The Massachusetts House of Representatives on Wednesday passed a bill that would automatically register hundreds of thousands of new Massachusetts voters who get licenses at the Registry of Motor Vehicles and who get their medical care through the state’s MassHealth program for the poor and disabled.
If the legislation becomes law, instead of having to opt-in to register to vote, many eligible Massachusetts residents would have to opt-out if they don’t want to register to vote.
Advocates cheered the bill’s passage, which they said would make Massachusetts the 14th state to embrace such a measure.
“Automatic voter registration is the next step in voting rights,” said Pam Wilmot, executive director of Common Cause Massachusetts. “It will increase voter participation while at the same time making the process is more accurate and secure. That’s a win-win-win for everyone, regardless of your political background.”
The House vote was 130-20.
The Senate backs the effort. Senate President Harriette L. Chandler “is supportive of automatic voter registration and is generally supportive of the legislation as drafted,” said her spokesman Scott Zoback.
Governor Charlie Baker “will carefully review any legislation that reaches his desk,” said his spokesman, Brendan Moss, when asked about the measure.
As of last year, there were
The bill would also have Massachusetts join the Electronic Registration Information Center, a 22-state consortium that shares voter and motor vehicle license data to help keep the rolls up-to-date and free of people who have moved out of each state.
The legislation has broad support.
“I’m very enthusiastic about supporting it.” said Secretary of State William F. Galvin. “It will reduce the number of people who are eligible but have not registered. Will it mean higher turnouts? We’d like to hope so, but we don’t know.”
The secretary said if the bill becomes law, it will boost registration among lower socio-economic groups who might otherwise not register. And, he said, the automatic opt-in provision will eliminate a problem that affects thousands of people: They thought they had registered to vote when they got their driver’s license, but actually hadn’t.
Josh Zakim, a Boston city councilor and Democratic primary challenger to Galvin on Sept. 4, said if the bill becomes law, it could go a long way toward “democratizing our democracy.”
“Looking to experience in other states, communities of color, younger people, and lower income people have really been benefitted the most by this,” he said.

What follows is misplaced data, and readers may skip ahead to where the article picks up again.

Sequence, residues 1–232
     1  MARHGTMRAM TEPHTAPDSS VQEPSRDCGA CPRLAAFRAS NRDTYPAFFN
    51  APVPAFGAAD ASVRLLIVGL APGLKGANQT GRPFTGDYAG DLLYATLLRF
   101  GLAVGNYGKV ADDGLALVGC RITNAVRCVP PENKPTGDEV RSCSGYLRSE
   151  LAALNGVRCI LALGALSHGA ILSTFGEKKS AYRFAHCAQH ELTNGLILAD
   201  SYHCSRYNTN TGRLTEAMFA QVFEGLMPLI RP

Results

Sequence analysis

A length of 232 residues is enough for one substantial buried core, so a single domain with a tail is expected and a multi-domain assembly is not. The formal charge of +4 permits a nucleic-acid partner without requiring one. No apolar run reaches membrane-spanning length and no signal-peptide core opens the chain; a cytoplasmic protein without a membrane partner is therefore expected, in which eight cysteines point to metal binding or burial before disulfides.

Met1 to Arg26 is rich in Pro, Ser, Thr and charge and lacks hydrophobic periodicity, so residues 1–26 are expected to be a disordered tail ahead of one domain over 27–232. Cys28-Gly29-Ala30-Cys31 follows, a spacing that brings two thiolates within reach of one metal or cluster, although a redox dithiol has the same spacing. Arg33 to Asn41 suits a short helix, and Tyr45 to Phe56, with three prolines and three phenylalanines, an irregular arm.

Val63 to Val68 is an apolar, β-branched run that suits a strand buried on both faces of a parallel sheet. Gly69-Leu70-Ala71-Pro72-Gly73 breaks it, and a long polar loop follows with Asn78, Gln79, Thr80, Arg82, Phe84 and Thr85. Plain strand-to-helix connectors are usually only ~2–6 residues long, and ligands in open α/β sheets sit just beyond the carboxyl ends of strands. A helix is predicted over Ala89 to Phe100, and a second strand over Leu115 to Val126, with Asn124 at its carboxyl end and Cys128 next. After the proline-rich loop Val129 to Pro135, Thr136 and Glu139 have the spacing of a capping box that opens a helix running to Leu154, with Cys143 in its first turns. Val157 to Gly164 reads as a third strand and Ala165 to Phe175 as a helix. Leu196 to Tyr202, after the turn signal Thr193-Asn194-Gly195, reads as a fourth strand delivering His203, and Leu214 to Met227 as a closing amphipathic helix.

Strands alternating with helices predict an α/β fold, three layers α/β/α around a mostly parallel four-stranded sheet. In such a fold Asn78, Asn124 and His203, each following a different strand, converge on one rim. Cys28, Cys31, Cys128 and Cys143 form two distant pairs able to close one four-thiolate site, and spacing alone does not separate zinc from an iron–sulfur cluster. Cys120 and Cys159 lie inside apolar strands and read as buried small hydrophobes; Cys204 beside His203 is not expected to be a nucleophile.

There is support for the effort on the other side of the aisle, too.
Representative Bradley H. Jones Jr., the House minority leader, and several of his GOP colleagues voted for the bill.
But not all Republicans are on board.
Anthony Amore, the GOP candidate for secretary of state, said the legislation, which he does not support, is flawed and creates an unfunded mandate for the cities and towns that will shoulder the burden of the new program.
“Automatic voter registration does nothing to address the real reasons people stay home on Election Day,” he said. “Citizens don’t vote because they don’t like the candidates or the issues, and they believe their vote won’t make a difference. Nowhere is this truer than in a one-party state riddled with entrenched power and career politicians.”
Advocates dispute the legislation would trouble local election officials or burden them with new costs. A top lobbyist for cities and towns said he expected local officials to be reimbursed by the state for any additional costs the bill might force them to incur.
Representative James J. Lyons Jr., Republican of Andover, said he’s against the idea and framed it as unnecessary.
“Go down to the town hall, register to vote,” he said. “It should not be automatic voting. We have a right to vote in this country and people can exercise that right pretty easily.”
Under current law, eligible Massachusetts residents — US citizens who aren’t incarcerated felons — can register to vote for any election 20 days prior to its date. They can register online if the RMV has a signature on file. They can also register via US mail or in person at local election offices like a town hall, at one of the branches of the secretary of state, at the RMV, and certain public assistance agencies.
People as young as 16 can register, but you have to be 18 years old to vote.Joshua Miller can be reached at email@example.com.